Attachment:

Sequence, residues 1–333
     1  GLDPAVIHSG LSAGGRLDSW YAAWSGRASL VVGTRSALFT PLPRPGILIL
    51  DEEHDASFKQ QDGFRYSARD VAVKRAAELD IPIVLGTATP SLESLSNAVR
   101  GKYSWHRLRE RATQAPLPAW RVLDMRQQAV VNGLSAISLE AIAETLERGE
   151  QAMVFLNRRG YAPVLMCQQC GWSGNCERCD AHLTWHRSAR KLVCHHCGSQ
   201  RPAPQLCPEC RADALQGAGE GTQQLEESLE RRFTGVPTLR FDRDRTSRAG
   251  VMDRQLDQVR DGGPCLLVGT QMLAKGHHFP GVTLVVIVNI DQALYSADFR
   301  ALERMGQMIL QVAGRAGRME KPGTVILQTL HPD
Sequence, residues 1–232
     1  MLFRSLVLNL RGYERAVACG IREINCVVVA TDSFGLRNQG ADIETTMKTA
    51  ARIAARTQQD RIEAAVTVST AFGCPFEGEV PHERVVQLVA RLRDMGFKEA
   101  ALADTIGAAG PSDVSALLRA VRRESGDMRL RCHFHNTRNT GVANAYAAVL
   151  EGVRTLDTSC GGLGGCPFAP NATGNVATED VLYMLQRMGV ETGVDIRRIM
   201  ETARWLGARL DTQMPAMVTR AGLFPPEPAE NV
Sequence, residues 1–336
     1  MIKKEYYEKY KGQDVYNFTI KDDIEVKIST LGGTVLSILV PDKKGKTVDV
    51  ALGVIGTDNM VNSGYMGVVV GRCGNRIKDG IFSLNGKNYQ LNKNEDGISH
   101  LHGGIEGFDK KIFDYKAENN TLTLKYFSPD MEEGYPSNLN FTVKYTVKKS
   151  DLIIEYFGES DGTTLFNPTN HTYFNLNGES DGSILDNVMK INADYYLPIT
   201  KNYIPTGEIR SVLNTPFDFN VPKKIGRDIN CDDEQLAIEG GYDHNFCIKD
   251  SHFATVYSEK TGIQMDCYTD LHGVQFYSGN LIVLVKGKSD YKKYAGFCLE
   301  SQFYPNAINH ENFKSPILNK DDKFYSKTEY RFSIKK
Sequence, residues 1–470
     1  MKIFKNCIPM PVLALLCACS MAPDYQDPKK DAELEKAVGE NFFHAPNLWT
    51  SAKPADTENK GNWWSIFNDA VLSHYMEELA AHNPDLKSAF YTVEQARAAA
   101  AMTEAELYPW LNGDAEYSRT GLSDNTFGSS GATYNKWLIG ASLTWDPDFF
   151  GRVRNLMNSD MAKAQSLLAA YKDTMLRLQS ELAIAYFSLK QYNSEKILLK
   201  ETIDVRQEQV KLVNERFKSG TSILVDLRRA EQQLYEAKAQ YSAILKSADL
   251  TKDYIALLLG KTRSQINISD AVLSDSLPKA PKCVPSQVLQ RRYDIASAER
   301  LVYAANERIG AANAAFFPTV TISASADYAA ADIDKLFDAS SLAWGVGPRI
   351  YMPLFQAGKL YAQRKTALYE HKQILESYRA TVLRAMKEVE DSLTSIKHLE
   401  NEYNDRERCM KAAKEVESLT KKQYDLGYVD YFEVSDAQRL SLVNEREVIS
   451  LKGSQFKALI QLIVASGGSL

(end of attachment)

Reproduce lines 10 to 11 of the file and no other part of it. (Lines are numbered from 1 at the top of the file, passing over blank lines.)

     1  MLFRSLVLNL RGYERAVACG IREINCVVVA TDSFGLRNQG ADIETTMKTA
    51  ARIAARTQQD RIEAAVTVST AFGCPFEGEV PHERVVQLVA RLRDMGFKEA